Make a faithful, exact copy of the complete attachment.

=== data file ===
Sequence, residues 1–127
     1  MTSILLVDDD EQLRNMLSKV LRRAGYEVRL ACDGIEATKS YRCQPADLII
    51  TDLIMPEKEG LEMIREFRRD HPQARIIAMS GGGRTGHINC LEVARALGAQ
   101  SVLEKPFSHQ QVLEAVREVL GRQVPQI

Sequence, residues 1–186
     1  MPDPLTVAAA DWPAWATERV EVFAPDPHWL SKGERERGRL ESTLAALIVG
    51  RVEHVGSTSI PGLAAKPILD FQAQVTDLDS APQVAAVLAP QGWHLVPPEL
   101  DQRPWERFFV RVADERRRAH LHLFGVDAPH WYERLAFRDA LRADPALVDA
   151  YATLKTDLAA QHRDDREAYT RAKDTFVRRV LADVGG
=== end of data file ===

Sequence, residues 1–127
     1  MTSILLVDDD EQLRNMLSKV LRRAGYEVRL ACDGIEATKS YRCQPADLII
    51  TDLIMPEKEG LEMIREFRRD HPQARIIAMS GGGRTGHINC LEVARALGAQ
   101  SVLEKPFSHQ QVLEAVREVL GRQVPQI

Sequence, residues 1–186
     1  MPDPLTVAAA DWPAWATERV EVFAPDPHWL SKGERERGRL ESTLAALIVG
    51  RVEHVGSTSI PGLAAKPILD FQAQVTDLDS APQVAAVLAP QGWHLVPPEL
   101  DQRPWERFFV RVADERRRAH LHLFGVDAPH WYERLAFRDA LRADPALVDA
   151  YATLKTDLAA QHRDDREAYT RAKDTFVRRV LADVGG